Another modifier I learned today is -는 which is similar to topic particle used for words ending in vowel. This new modifier is almost similar to -(으)ㄴexcept that it is specially used for processive verb.
This modifier doesn’t mind the final character of the word whether vowel or consonant it is directly added to a processive verb. Amazingly, unlike (으) ㄴ, this modifier cannot be used to descriptive verbs or adjectives. Here are examples of its application in certain processive verb:
- 만나는 (manneun) from 마나 (manna) which means meet
- 쓰는 (sseuneun) from 쓰(sseu) which means write
- 기다리는 (kidarineun) from 기다리 (kidari) which means wait for
- 가는 (kaneun) from 가 (ka) which means go
- 먹는 (meokneun) from 먹 (meok) which means eat
- 보는 (boneun) from 보 (bo) which means look
This modifier added in a processive verb placed before a noun has a present meaning, that someone is verbing or doing. This should somehow make this statement clear:
- 쓰는 사람 (Sseunen saram) –> the person who is writing
- 읽는 책 (ikneun chaek) –>the book that [he] is reading
- 걸는 선생님 (keolneun seonsaengnim) –> the teacher who is walking.
So obvisouly for descriptive verbal nouns which takes auxiliary verb 해요, one there is always the form descriptive verb+한 like this example: 깨끗한 방 (kkaekeuthan bang) would mean a room that is clean.
However, for a processive verbal nouns with 해요, the verb 하 functions as processive so it taked the modifier 는. Such as 산보하는 사람 (sanbohaneun saram) which means a person who is taking a walk. Comparing to the last modifier i learned -ㄴ when this is used on the example given –> 산보한 사람 (sanbohan saram) it now means a peron who took a walk. Its meaning becomes past.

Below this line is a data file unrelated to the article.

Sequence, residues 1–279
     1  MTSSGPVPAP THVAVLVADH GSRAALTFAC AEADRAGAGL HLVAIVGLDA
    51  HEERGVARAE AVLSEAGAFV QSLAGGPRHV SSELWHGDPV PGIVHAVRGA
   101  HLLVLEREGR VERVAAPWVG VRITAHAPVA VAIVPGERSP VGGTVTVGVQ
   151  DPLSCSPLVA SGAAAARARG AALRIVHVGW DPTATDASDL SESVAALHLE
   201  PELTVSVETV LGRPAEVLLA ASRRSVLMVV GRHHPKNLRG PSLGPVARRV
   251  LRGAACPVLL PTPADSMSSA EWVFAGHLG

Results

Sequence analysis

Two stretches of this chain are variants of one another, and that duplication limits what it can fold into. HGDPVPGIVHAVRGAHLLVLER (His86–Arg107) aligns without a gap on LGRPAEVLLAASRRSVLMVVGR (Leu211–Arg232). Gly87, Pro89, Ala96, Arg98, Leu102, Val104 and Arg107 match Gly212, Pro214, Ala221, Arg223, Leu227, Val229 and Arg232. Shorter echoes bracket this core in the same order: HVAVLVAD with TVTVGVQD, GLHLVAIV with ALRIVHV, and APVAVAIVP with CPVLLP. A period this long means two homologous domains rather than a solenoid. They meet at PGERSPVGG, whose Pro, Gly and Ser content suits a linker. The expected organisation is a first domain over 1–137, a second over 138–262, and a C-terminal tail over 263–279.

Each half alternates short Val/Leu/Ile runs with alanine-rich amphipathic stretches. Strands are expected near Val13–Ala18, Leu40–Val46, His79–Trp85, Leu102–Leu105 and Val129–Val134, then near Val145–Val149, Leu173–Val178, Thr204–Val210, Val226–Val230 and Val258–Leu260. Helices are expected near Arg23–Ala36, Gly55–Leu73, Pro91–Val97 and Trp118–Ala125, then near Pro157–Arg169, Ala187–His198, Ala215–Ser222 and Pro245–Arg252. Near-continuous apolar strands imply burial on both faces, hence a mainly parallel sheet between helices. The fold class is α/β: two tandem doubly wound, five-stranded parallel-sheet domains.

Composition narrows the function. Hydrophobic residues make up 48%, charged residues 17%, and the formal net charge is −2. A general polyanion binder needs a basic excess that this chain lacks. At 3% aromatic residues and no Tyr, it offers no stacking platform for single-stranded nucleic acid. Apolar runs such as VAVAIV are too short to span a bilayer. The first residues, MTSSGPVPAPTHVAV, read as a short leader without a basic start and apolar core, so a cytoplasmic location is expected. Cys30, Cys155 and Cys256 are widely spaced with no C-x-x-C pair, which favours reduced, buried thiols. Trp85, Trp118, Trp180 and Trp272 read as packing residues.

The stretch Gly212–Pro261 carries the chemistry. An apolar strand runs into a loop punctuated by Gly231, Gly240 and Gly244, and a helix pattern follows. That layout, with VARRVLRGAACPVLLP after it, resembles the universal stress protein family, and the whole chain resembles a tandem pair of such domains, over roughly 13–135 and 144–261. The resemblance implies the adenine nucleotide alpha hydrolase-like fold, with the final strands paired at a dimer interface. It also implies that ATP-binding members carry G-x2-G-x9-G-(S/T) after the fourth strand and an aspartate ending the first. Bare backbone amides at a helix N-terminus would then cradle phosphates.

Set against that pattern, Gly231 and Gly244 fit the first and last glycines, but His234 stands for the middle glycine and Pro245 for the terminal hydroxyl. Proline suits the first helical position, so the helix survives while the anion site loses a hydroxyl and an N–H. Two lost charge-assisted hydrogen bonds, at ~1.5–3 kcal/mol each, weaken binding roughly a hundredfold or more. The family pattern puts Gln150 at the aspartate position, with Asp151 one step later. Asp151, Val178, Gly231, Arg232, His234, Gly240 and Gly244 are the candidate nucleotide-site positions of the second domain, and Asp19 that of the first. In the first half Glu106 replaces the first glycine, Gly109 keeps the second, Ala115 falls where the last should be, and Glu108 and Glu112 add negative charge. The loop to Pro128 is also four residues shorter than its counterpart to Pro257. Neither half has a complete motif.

2 Replies to “Another Modifier -는”
ah, again i come with some random questions…
is the way we pronounced hangul words depends on the accent?
sometimes, i think i heard them say “bobo” sometimes it sounds like, “popo” n sometimes, “pupu”…
sometimes, i think i heard them say “mianhae”, sometimes it sounbds like “bianhae”…
theres a lot more.just some
Hmm i am really not an expert on pronunciation but from what I read accent has nothing to do with it. i think the reason why you hear the words differently is because certain characters in hangul have 2 sounds. Depending on their position in the word, the character may have one or the other sound. like in the case of the of your example although i don’t know what is this korean word but it sounds like 부부 (pupu or pubu) means couple in Korean. ㅂ can be P or B in sound in Korean usually at the start of word most often than not it takes P sound. It takes B sound when it is sandwiched by two vowel sound like 바보야 (Paboya — sorry for the sample but this is a common word it means someone is like a fool). The B and P is very tricky because the sound seems to be in between. 미안해 Mianhae is sorry and its really mianhae i also had a problem with this word when I was starting to learn. I thought i heard bianhae.